A fire, hazardous chemical spill or bomb within a building obviously would necessitate immediate evacuation to a safe location outside the building. So having a solid, rehearsed plan in place could mean the difference between life and death.

In fact, evacuation planning and fire drills have been required by fire prevention codes for decades.

Occupational Safety and Health Administration (OSHA) regulations (29 CFR 1910.38) for employee safety in the workplace require emergency-action plans that include employee evacuation. An effective evacuation plan will include:

1. An Evacuation Team

An evacuation team should be organized with a leader, floor wardens, searchers, stairwell monitors, aides to assist persons with disabilities and assembly-area monitors.

While small facilities with a limited number of occupants will require a minimal team, a large facility with hundreds or thousands of occupants, such as a high-rise building, will require an appropriately larger team. 

The evacuation team should also coordinate with the facility’s emergency-response team and public emergency services.

2. Fire Alarms/Mass-Notification System

Make sure that everyone can hear and understand the evacuation-warning signal.

3. Adequate Means Of Egress

Walk all buildings and verify there is the required minimum number of exits as specified in the applicable building code, or life-safety code, and OSHA 29 CFR 1910 Subpart E.

Also keep in mind the travel distance to an exit should not be excessive. Exits need to be properly marked with visible signs. Any obstructions or impediments to egress—especially stairwells and landings used for storage—should be removed.

4. Safe Assembly Areas Defined

Identify safe assembly areas away from the building. Assign a separate assembly area for each floor or area of the building and post signs so everyone knows where to assemble for a headcount.

For buildings within a city center, scenarios where the closest assembly area may not be accessible, or may be used by others, need to be taken into account. For these cases, identify alternate assembly areas farther away from the building.

5. A Method Of Accounting For All Evacuees

Procedures should include a process to account for everyone known to be within a building—including visitors. A roster of all employees should be kept at the front desk along with the visitor log. 

When a building is evacuated, the employee roster and visitor log should be removed by the receptionist and used to conduct an accounting of all persons.

Electronic-notification systems are common, and they can be effective tools if employee information is current and the systems can be used promptly and remotely following evacuation.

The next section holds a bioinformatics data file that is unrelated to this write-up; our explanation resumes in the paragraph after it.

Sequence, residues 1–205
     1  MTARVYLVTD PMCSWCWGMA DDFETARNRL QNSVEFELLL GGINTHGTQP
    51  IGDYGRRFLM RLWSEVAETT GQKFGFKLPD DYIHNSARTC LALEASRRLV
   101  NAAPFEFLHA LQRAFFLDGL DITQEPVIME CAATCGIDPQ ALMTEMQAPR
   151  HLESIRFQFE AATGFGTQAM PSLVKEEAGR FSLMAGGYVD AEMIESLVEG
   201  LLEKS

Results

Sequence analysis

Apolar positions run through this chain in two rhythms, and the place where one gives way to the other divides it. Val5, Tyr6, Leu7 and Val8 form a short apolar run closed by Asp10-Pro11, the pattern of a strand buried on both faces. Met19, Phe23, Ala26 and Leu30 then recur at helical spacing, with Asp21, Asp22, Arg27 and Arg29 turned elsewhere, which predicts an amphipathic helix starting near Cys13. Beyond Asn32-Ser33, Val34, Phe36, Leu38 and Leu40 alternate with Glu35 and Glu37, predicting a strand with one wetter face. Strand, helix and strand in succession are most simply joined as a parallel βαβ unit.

Also identify anyone with temporary disabilities or functional needs who will need assistance evacuating. This may include people with mobility, sight, hearing or cognitive impairments. Plans should address their locations and how they will be evacuated or protected within areas of refuge while awaiting rescue by public emergency services.

Consider providing evacuation-assist devices and training staff to evacuate people with mobility impairments.

Manufacturing or other facilities where personnel must delay evacuation until they can safely shut down process systems require special planning and precautions.


If an armed person is known or believed to be inside a building and seeking to harm people, a protective action called “lockdown” should be employed. 

Unlike evacuation, no internal team can move building occupants to safety when an armed perpetrator is roaming the building. Rather, every person must be able to hear a lockdown warning and take cover immediately. 

A public-address system that can broadcast a lockdown warning throughout all buildings is essential. The system should be audible and intelligible throughout the facility. 

A number of people should be able to broadcast a warning from multiple locations as soon as a threat is detected. Also keep in mind that the security desk located adjacent to the front door may be the first target of an armed aggressor. 

Everyone needs to know exactly what to do when a lockdown warning is broadcast. The goal is for all to become silent and invisible—which will make it more difficult for the armed perpetrator to find a target. 

Anyone present should hide within a closed and locked or barricaded room with the lights off. They need to be prepared to remain in lockdown for a lengthy period of time, until police or a recognized voice sound the “all clear.”


Training, drills and exercises are essential to ensure that everyone can execute the emergency-response plan. Evacuation drills also are required by many regulations. More importantly, they teach everyone how to take appropriate action to protect themselves and those around them.

Sound the fire-alarm system, emergency voice-communication system or mass-notification system to familiarize everyone with the warning sound. 

Evacuation drills need to be designed to challenge people to find a secondary exit and have everyone travel to assembly areas. Train anyone assigned to assist people with functional needs and practice the use of evacuation-assist devices as part of the drill. Test electronic-notification systems and verify the ability to account for all evacuees. 

Lockdown drills require only a limited amount of time and can be done in any weather. Before conducting a lockdown drill, raise awareness of lockdown procedures and then announce the drill. Evaluate to make sure everyone knows where to go and how to take cover.

Keep records of all drills—especially drills required by regulations—and review the records as part of an overall preparedness-program review process.